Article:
Meghan and Harry Jubilee: Netflix cameras will move on if they try to film Royal | News

Meghan Markle and Prince Harry ‘keep choosing’ as UK returns

Much of the world’s media will maintain a substantial presence at places like Buckingham Palace and St Paul’s Cathedral in central London, where many of the jubilee events are scheduled over the long weekend. But for some celebrations, film crews need express permission to film the royal family at these official events.

But the streaming giant, which has signed a deal with the Duke and Duchess of Sussex and is thought to be working on a second documentary about the royal family, will not be included in the figure, The Telegraph reports .

One source claimed that if Netflix’s crew tried to set up locations in public areas, they would be “removed” by the service hosting the event.

The Duke and Duchess of Sussex, 40, travelled with a Netflix crew during a trip to The Hague last month.

The couple headed to the Netherlands for the Invictus Games, backed by Prince Harry, 37, as they dragged their cameras for the upcoming documentary series “The Undefeated Heart”.

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During these official events, film crews need express permission to film the royal family (Image: Getty)

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The couple flank the Netflix crew in The Hague (Image: Getty)

The production arm of the couple’s Archewell brand, Archewell Productions, described the series’ goal as “to showcase a strong story of resilience and hope from competitors on their journey to The Hague”.

The pair signed a $100 million deal with Netflix back in 2020, but have yet to produce any finished content.

But as Netflix’s success faltered last month, the Duke and Duchess’ partnership with the streaming service has come into question.

Earlier this month, Netflix announced that they would cancel their planned animated series “Pearl,” which was executive produced by the Duchess of Sussex.

Read more: Furious as yobs destroy display created for Queen’s Platinum Jubilee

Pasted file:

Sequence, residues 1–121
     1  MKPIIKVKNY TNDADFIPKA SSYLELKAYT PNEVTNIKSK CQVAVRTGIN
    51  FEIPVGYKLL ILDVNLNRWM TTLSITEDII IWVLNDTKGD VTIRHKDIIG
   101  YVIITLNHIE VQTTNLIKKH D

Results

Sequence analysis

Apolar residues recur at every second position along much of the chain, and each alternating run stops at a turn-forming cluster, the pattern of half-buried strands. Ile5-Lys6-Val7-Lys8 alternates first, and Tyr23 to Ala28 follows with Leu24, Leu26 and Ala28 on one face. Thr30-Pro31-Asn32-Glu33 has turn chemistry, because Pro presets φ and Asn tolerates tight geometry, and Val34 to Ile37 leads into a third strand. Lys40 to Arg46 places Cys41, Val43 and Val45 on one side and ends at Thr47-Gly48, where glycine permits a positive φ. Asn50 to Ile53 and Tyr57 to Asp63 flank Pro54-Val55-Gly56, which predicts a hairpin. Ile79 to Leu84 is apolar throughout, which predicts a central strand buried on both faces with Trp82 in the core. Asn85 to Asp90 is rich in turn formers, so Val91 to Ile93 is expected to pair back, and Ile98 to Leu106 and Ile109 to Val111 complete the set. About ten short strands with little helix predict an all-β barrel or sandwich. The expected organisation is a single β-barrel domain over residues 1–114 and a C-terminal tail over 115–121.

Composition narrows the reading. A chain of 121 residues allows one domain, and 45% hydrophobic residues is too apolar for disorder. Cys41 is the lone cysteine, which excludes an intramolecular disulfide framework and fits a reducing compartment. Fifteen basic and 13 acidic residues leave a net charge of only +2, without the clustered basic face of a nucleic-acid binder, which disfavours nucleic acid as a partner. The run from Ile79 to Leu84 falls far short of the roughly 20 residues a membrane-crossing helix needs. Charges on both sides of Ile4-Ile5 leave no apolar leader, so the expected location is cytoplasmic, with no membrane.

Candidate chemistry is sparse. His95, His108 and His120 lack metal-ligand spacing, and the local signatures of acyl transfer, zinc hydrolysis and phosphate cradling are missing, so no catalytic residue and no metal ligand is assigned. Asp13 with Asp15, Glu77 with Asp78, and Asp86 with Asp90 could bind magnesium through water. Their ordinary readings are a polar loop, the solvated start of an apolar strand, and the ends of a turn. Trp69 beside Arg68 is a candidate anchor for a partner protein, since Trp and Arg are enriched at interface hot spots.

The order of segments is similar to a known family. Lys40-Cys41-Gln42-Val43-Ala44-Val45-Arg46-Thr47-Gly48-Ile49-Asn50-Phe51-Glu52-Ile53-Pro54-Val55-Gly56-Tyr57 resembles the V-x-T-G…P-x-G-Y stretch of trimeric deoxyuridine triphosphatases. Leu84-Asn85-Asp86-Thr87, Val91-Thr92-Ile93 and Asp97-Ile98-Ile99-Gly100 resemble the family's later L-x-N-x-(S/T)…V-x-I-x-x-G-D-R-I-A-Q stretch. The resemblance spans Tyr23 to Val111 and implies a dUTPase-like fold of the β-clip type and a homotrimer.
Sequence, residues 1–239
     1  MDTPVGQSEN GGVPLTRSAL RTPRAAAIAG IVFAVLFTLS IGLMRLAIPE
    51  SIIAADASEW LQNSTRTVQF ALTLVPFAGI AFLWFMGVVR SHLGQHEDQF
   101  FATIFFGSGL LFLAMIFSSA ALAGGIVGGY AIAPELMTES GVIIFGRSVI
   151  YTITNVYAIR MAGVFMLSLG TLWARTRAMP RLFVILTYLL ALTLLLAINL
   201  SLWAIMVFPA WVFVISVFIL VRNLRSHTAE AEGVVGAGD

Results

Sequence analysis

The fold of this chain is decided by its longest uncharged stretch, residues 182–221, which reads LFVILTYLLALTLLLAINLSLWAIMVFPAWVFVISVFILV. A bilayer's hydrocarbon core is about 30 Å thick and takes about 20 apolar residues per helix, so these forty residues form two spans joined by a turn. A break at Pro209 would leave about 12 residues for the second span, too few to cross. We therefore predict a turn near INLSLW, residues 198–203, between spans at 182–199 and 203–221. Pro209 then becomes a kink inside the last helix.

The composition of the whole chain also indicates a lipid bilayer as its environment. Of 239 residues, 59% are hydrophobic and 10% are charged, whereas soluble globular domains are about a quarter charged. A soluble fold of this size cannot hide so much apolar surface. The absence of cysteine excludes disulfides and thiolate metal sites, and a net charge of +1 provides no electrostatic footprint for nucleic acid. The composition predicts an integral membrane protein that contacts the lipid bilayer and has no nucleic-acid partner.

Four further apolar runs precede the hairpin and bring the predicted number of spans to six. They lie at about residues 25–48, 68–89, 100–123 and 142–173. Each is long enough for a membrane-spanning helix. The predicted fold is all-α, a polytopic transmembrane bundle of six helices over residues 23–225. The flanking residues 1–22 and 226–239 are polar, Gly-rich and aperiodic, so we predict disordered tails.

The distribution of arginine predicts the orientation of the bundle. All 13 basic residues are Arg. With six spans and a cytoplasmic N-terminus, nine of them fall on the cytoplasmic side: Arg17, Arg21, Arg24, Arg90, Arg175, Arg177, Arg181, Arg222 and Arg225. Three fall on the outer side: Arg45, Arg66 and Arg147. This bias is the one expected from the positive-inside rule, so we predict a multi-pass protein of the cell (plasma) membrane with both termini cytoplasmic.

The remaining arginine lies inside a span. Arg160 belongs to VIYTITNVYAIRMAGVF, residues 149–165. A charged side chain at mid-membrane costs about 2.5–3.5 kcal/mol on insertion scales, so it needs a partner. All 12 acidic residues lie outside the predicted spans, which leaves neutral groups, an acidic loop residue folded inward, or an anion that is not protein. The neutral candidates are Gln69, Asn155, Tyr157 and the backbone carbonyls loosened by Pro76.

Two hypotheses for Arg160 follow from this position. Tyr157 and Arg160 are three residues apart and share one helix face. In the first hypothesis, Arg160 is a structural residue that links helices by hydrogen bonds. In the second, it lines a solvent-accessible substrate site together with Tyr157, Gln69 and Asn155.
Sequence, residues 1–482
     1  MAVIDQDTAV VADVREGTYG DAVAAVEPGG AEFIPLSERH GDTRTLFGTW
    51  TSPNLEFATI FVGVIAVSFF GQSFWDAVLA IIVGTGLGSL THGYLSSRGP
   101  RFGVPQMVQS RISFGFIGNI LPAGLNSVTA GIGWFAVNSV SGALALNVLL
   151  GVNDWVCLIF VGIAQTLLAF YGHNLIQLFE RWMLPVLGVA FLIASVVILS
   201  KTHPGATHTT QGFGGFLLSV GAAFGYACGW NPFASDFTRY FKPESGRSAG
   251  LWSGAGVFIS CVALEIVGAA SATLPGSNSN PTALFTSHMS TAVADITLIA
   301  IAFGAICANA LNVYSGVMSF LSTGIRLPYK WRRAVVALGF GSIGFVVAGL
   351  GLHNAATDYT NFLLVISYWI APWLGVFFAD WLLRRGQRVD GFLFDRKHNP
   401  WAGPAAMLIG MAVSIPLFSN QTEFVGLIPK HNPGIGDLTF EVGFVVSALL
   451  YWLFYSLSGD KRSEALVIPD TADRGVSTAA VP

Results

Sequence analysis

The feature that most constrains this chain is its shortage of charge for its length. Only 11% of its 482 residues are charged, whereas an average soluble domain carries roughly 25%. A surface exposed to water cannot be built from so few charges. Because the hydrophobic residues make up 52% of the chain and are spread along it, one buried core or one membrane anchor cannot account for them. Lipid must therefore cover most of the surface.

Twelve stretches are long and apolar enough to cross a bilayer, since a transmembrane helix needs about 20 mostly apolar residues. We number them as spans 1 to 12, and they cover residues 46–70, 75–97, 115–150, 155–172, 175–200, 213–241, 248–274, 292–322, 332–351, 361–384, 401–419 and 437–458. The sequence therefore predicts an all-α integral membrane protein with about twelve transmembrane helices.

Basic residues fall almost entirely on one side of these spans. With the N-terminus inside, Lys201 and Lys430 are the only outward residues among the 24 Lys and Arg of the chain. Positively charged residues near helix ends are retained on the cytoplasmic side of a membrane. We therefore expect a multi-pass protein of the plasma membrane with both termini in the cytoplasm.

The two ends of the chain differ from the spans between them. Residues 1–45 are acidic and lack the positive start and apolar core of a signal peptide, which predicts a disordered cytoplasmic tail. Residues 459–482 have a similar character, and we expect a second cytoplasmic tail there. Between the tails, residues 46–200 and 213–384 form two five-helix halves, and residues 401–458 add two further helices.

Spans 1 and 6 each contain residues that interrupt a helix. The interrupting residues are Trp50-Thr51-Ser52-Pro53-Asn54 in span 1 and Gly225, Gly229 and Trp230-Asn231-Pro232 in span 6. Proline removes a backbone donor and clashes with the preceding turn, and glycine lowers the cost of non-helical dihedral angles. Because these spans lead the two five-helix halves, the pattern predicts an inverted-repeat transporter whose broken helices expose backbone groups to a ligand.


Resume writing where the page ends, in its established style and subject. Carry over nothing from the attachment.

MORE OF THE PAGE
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Netflix cuts ‘Pearl’ with Meghan as executive producer (Image: Getty)

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They won’t be standing on the balcony of Buckingham Palace with the rest of the royal family (Image: Getty)

The streaming giant recently revealed that it had seen a sharp drop in subscriber numbers after losing 200,000 subscribers in the first three months of the year.

As the news became public, more than $50 billion was wiped off the company’s market value.

Then they cut 150 jobs in the US.

Royal branding expert Professor Cele Otnes then told Express.co.uk that the Duke and Duchess of Sussex may have “fueled apathy towards Netflix”.

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Film crew travels to The Hague with Duke and Duchess (Image: Getty)

“Royal Fever” co-author Professor Ortenes pointed to how audiences might be familiar with the events of “The Undefeated Heart” ahead of the documentary’s release, suggesting the Duke and Duchess’ content will lack originality.

She said she was “confused” about filming the well-reported events, rehash in the new documentary, questioning the “content value” of the clips, and the “intrinsic value” the Sussexes could bring to the streaming service .

She said: “I’m confused as to why we see these events in real life (for example, at last year’s Invictus ceremony) and why there is any ‘content value’ to seeing these edited events again on Netflix shows.

“For example, we don’t usually look at fights or content before the Kardashians show; we just hear about them.

“I’m not sure how much intrinsic value Harry and Meghan bring to Netflix; there has been some discussion that they actually contribute to disinterest in Netflix and the market’s devaluation.”

Prince Harry and Meghan will bring their two children Archie and Lilibet to the Platinum Jubilee, and a spokesman for the couple said they were “excited and honoured” to be back in the UK for the festivities.

But the Sussexes are unlikely to take centre stage over the bank holiday weekend after Buckingham Palace restricted working royals to only one of the most important events of the four days.

They will not be standing on the balcony of Buckingham Palace with the rest of the royal family during the military parade, which kicks off the festivities on Thursday.

A Buckingham Palace spokesman said it was only after “careful consideration” that the Queen decided to limit royal representation on the balcony to working royals.